Port Hope police issue will play out next municipal election

By Robert Washburn

Update Nov 10. 2012: Well, it turns out Lynda Thompson may not be running for council after all. It seems those on the inside of Port Hope politics are aware she is not going to run next time. Again, there is nothing on the public record, so she could change her mind. But if this is true, then it would make a great story. It would be great to see her go on the record about her political future.

Update Nov. 9, 2012: It appears there are two major errors in this piece. First, the municipal election will not occur until 2014 rather than 2013. Second, it seems Deputy Mayor Jeff Gilmer and Councillor Greg Burns stated publicly at the council meeting when the vote took place they would support the status quo, if the vote for the OPP service was not passed, according to Burns in a letter to the editor. They did vote for the OPP option. I was accused of not being present at the meeting and missed this fact. It is true I did not attend and in no media reports or anywhere else in my research of the public records was this stated. Mr. Burns made these two points in a letter to the editor in Northumberland Today (which is not posted to the website). Thanks to Mr. Burns for the information and for not giving up on me totally, as he kindly states in his letter published today. I deeply regret the errors of fact.

Port Hope enjoyed a rare moment of democratic enlightenment last week when council decided to back off it plans to use the OPP as its local police force.

While it was an uncommon moment, it was richly deserved. Residents rallied together to pressure council into its final position. After a year of blood, sweat and agony, residents won a massive victory when Councillor Rick Austin joined with his colleagues Jeff Lees, Mary Lou Ellis and Dave Turck to carry the night and save the Port Hope police force from oblivion.

It is a tribute to all those who organized, showed up, put a sign on their lawn, attended rainy protests, came out to meetings, raised money, made calls, posted to Facebook and a host of other tasks. It was a ton of work, but it paid off. Truly, it is inspirational.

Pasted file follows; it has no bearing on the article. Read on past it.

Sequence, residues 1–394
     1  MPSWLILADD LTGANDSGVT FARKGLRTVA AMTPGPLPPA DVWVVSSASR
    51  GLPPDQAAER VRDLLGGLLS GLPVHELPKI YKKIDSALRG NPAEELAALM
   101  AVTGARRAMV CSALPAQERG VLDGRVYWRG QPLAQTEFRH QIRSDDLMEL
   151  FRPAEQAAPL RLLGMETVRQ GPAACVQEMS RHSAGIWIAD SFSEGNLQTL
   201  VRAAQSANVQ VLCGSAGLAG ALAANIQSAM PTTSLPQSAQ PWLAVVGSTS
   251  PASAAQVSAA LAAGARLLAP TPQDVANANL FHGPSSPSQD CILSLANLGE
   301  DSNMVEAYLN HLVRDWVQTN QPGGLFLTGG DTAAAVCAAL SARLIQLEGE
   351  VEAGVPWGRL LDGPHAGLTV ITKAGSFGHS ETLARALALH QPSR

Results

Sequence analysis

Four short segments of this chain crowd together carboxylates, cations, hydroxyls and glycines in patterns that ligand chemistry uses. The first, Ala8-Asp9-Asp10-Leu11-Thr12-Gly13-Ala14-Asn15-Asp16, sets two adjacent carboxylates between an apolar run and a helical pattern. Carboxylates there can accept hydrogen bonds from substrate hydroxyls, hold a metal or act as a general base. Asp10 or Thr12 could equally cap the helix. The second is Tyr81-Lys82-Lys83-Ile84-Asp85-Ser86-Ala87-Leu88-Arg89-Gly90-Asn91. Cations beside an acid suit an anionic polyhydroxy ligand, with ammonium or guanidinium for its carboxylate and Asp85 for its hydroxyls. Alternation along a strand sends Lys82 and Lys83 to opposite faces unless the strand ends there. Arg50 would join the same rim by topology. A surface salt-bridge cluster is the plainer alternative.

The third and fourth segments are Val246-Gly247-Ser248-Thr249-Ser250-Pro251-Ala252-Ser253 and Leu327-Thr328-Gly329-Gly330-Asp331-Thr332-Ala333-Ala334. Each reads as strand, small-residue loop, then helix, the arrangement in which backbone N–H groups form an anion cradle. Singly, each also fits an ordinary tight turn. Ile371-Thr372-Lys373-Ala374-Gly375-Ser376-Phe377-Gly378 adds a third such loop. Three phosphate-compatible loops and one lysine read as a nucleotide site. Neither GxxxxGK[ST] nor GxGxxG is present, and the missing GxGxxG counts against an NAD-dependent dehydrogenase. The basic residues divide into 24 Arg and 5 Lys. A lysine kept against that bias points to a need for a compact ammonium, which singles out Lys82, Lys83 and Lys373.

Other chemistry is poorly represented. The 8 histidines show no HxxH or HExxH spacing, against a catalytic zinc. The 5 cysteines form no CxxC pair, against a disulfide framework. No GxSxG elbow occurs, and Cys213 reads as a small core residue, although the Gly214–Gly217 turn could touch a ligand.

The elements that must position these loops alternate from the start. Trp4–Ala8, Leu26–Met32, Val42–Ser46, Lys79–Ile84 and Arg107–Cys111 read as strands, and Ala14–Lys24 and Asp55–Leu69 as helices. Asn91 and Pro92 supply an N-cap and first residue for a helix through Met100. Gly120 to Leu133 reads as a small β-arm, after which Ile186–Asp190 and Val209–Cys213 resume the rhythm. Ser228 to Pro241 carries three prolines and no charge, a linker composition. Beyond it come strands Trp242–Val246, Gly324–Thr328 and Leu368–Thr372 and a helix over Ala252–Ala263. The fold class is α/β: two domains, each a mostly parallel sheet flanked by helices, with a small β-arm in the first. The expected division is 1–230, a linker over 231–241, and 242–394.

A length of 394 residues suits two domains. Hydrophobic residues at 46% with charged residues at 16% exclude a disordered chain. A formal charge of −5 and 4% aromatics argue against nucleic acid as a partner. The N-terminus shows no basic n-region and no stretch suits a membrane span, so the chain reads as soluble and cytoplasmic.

For Mayor Linda Thompson it is a slap in the face. With policing costs taking up one-third of the municipal tax levy, or about $4.5 million, the decision was purely an economic one for her and her supporters. Now, in defeat, she is left with the status quo and an additional cost of possibly $4 million to build a new police station, a process that is already well underway only days after the vote.

It also must sting for Deputy Mayor Jeff Gilmer and Councillor Greg Burns, who supported Thompson. If anything, it shows these are politicians who are out of touch, blind to the community they serve.

With a municipal election only one year away, the political fallout from the past 12 months is going to have an effect.

Thompson was first elected in 2000 and is serving her second term as mayor. She held off five contenders in the last election, but she may not be as lucky this time around. It has not been an easy term in office, either.

Helen Caldicott’s speech, failed water pumps, handling of low level radio active waste, the harbour, the purchase of industrial land and some serious budget issues have left her worse for wear. The police issue could be the straw to break the proverbial camel’s back for fed up voters.

But, what is more frightening is what may happen in the upcoming months as the town prepares its next budget. It will require a delicate hand to navigate the financial legacy from the police decision without either slashing key services or raising taxes. For those who lost the vote, the budget could be an opportunity to be punitive as a form of petty revenge against those who were victorious last week. Let’s hope it does not come to this.

Finally, if nothing else, the police debate demonstrated without question the level of dysfunction within the municipality.

Since former Premier Mike Harris forced amalgamation upon municipalities across Ontario in the 1990s, Port Hope has struggled to find unity between itself and the former Hope Township (Ward 1 and Ward 2). It was a forced marriage that never was consummated. The acrimony is apparent. The police service is an obvious example and it is the most obvious sign of the discontinuity.

Maybe this is just the way it is or it is meant to be. The price residents pay, not just for policing, but for all the potential opportunities to enhance Port Hope, could also be a sign of failed leadership, too.

No doubt, there will be plenty of talk about possible candidates for council in the upcoming days as the sweet taste of victory is replaced by the bitter memories of the past year.

One thought on “Port Hope police issue will play out next municipal election

  1. Robert, you say that Thompson’s decision to back the OPP was purely based on economics. I suggest you are wrong. Initially that is what she et al said, but when it became obvious that the PHPS could police the entire municipality more cheaply than the OPP, she balked. This suggest that it was NOT simply economics that was driving her choice, buy a preconceived bias -or at the very least – preference of the OPP.

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